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How to backup a linux hosted server over ftp

Posted on 2006-10-29
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I have a hosted FC4 server that I need to backup. The hosting company provides a ftp server for backup. No ssh or any other kind of access to this backup storage except ftp.

I need to backup not just selected files but the whole server so if needed I can do a complete system restore. I also have a MySQL database that I need to make sure is properly backed up as well.

I tried the idea of using fuse and curlftpfs to mount the ftp server and then use plain old dump or rsync but ended up in dependency hell. Is there an easy, I'm new to linux, way to backup my server over ftp or would it make sense for me to setup a small linux box at my location and then use rsync over ssh to backup my hosted server?

Any help would be greatly appreciated.
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Question by:maagnh
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kblack05 earned 168 total points
ID: 17829360
First of all use of FTP and NOT SFTP, that is to say allowing FTP access but NOT ssh access seems like a backward mentality. In good practice it should be the other way around. With SSHD enabled, then all you'ld have to do is use scp, (secure copy)

scp someremotehost.com:/some/path/files /some/local/path/

With mysql, use mysqldump to dump the database into a text file, or to do a 'host to host' dump

mysqldump -u user --password=somepass remotehost remotedbase | mysql -u user --password=somepass localhost localdbase
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by:kyle_in_taiwan
kyle_in_taiwan earned 166 total points
ID: 17832404
First, when you say "back up the whole server so if needed...can do a complete system restore", you mean restore the *functionality* of your system, not actually restore the the specific system itself, no?

The difference is like this:  if you've got identical hardware, then a bare-metal recovery from one box to another can be done, and is easier and faster in some respects than doing a simple re-construction of the original system's services and functionality (although it takes more skill and you will need to read up on a lot more details -- which can be done here:  http://tldp.org/HOWTO/Linux-Complete-Backup-and-Recovery-HOWTO/).  But what i suspect is that you just want to make sure you've got the server's functionality, services and data available on your backup machine.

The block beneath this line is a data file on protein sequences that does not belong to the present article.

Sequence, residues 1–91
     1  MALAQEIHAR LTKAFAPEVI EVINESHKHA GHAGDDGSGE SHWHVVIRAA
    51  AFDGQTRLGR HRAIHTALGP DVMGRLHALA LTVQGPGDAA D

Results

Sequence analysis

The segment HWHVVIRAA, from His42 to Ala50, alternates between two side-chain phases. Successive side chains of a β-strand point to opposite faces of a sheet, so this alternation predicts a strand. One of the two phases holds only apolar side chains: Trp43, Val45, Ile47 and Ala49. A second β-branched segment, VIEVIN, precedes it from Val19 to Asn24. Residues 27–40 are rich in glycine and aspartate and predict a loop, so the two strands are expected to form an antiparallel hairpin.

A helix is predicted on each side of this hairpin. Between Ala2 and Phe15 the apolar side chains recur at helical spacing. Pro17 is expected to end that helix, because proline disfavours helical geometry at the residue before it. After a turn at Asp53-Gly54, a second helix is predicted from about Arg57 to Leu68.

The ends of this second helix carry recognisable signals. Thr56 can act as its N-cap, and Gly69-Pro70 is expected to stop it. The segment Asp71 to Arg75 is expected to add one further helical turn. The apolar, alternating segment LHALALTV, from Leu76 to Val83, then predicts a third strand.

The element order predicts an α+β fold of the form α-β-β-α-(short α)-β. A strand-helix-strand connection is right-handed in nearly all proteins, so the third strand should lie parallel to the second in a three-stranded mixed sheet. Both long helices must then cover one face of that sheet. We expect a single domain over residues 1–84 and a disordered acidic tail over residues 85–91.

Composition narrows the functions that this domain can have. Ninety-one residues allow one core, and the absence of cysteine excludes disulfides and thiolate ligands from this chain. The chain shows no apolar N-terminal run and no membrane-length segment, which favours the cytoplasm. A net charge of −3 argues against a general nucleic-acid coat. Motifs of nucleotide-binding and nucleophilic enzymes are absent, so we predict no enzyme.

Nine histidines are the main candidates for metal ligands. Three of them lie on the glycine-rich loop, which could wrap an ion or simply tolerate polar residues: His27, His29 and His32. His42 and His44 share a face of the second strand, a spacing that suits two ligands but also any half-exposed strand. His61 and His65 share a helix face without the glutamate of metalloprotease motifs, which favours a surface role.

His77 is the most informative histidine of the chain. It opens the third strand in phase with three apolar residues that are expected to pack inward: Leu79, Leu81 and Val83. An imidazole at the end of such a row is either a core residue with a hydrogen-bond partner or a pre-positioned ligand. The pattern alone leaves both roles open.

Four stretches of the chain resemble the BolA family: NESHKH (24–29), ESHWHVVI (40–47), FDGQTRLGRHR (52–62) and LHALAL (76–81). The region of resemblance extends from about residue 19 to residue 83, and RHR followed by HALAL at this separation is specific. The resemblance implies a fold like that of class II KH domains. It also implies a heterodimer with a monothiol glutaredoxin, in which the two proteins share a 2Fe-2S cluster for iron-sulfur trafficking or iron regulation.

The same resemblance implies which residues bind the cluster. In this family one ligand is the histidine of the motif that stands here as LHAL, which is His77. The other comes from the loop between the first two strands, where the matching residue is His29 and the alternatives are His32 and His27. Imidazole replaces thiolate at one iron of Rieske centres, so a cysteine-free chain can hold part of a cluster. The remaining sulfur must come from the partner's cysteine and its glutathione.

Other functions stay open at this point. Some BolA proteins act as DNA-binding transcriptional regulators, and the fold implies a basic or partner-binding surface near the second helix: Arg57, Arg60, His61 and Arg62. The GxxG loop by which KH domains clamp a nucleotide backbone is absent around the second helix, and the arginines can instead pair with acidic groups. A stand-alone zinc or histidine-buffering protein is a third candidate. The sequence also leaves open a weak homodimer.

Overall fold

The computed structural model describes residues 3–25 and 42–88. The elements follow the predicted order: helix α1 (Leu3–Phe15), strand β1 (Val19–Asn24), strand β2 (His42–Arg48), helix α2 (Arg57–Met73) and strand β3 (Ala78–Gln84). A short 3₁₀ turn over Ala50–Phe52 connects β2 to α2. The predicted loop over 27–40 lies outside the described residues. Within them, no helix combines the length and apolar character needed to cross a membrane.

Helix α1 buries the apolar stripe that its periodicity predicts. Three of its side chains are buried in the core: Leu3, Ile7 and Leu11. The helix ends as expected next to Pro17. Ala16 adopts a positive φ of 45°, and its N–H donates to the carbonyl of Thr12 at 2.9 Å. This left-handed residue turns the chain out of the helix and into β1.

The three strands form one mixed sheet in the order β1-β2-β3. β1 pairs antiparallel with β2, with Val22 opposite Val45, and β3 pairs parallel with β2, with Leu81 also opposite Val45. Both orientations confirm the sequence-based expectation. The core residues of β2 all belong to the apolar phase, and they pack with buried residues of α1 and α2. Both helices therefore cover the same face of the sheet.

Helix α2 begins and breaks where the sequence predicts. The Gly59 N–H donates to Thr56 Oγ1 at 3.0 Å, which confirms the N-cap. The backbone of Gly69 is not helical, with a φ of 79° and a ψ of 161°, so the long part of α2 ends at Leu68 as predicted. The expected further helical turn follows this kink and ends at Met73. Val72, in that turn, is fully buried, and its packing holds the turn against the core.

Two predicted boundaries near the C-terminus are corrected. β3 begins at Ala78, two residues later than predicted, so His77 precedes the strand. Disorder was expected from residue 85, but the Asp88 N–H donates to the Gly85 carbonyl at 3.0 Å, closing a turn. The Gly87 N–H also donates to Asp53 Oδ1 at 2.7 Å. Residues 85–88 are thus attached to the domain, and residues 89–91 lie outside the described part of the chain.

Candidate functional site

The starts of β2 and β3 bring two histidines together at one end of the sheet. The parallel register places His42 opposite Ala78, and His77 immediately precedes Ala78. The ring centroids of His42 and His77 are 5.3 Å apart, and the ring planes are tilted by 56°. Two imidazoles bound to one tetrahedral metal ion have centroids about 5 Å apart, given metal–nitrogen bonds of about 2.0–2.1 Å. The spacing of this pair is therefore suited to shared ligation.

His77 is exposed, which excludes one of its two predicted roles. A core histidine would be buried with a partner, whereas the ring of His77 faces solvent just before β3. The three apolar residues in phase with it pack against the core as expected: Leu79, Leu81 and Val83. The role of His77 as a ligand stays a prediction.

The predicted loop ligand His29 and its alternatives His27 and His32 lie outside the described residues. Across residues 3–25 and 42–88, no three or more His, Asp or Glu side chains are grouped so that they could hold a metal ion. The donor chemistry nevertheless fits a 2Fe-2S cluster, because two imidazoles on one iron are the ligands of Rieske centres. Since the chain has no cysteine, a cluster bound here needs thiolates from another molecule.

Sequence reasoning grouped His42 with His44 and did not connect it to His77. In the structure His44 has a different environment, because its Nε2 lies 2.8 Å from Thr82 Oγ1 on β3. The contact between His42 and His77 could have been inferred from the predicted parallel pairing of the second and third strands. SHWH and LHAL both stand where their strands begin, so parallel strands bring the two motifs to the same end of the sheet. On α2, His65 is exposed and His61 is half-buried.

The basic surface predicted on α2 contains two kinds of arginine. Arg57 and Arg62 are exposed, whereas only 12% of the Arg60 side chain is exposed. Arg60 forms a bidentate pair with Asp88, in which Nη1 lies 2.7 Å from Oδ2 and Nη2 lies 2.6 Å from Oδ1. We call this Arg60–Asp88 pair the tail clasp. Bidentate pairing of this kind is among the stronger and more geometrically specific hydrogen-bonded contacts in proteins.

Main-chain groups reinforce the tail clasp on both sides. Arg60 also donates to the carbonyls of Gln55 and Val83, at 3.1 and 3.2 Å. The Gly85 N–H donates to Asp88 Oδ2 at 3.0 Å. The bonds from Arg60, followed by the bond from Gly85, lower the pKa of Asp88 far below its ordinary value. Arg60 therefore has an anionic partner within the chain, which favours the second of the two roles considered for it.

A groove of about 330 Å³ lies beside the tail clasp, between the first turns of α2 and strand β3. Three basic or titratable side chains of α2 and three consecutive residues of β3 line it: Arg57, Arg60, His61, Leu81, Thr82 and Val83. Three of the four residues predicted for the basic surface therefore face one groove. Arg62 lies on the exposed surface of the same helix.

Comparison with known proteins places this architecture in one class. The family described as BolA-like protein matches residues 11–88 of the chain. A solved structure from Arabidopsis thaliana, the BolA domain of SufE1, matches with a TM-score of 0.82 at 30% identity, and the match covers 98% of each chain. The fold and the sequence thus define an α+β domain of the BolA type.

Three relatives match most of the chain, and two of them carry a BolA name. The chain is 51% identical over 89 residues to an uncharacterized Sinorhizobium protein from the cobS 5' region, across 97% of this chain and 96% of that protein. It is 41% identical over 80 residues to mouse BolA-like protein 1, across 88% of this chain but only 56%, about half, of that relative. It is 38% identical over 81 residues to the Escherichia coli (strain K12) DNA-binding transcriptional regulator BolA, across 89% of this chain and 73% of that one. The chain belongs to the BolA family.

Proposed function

In that vein, i'd use rsync, simply because you can write one script, once, put it in crontab and then be done with it.  

With rsync, you can backup your config files in /etc and /usr, and your data files in /var, and if you've got the same services running on your backup machine you should be fine.

So what i'm wondering is whether you've got a different set of hardware on your backup machine and if that machine is the one you intend to substitute as the backup system;  if so, then you probably just want to install Fedora 4 on there and get all the services properly configured.  Presuming that, then there are two more questions:

* Does your hosted machine use proprietary software?  (like CPanel)
* Does your hosted machine have a lot of software that's been installed from source, rather than packages?

If the answer to either of these is "yes", then backing up your entire disk may be the right answer -- but you're going to need to guarantee that the identical hardware is available for that to be of any use.  Just backing up the entire system doesn't mean it will work with different hardware, and if what you really want is to have a functioning backup *system* then copying everything on the hosted server is not just overkill but in the absence of identical hardware is actually more trouble than it's worth.  

However, if your answer to those two questions is "no", then really the only thing you need to do is get a dump of the rpm repositories and the installed software on the original system, get all of that installed onto your backup system, and then from there you can simply coordinate the data-, data-base, and config files with rsync.
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by:ygoutham
ygoutham earned 166 total points
ID: 17841427
boy, a hosting company and only ftp... !!!  are you sure that rsync / ssh / scp is not allowed as well. then that is a easier way to go than what is below.

my suggestion would be to use a similar setup like what kyle says.  setup a small box (with enough hard disk space available) on FC5 (which has MySQL 5, php, etc by default which are higher).  

if you do not even have access to mysqldump, then you can simply copy all the files from /var/lib/mysql/some_data_base and move it to the FC5 /var/lib/mysql.

change the ownership

chown mysql:mysql /var/lib/mysql/some_data_base -R
chmod 660 /var/lib/mysql/some_data_base -R

now you can do a simple "service mysqld start" and get going with the database.  

html, php, cgi files can be a simple copy paste or a download again through ftp.

take your pick.  but ask for some secure access.  you can even suggest to them that they can allow "putty" or some similar access where you would have send your key file for them to import into their key ring / known_hosts and still want a password for added security which should be a wise option to have.

goutham
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by:ygoutham
ID: 17841437
please note that the mysql 5 version databases would be backward compatiable and you would necessarily have to run a mysqldump to take backup and restore from them.

g
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